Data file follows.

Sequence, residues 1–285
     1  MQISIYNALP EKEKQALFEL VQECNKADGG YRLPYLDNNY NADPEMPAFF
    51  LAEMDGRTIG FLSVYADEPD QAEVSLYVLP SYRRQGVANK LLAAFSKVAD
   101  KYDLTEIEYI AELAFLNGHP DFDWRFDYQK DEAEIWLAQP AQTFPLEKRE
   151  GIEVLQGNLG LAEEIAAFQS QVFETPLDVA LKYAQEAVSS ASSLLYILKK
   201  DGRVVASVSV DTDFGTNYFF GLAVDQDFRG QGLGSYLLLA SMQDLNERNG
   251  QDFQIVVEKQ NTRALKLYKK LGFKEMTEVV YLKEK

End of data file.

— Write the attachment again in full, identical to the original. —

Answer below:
Sequence, residues 1–285
     1  MQISIYNALP EKEKQALFEL VQECNKADGG YRLPYLDNNY NADPEMPAFF
    51  LAEMDGRTIG FLSVYADEPD QAEVSLYVLP SYRRQGVANK LLAAFSKVAD
   101  KYDLTEIEYI AELAFLNGHP DFDWRFDYQK DEAEIWLAQP AQTFPLEKRE
   151  GIEVLQGNLG LAEEIAAFQS QVFETPLDVA LKYAQEAVSS ASSLLYILKK
   201  DGRVVASVSV DTDFGTNYFF GLAVDQDFRG QGLGSYLLLA SMQDLNERNG
   251  QDFQIVVEKQ NTRALKLYKK LGFKEMTEVV YLKEK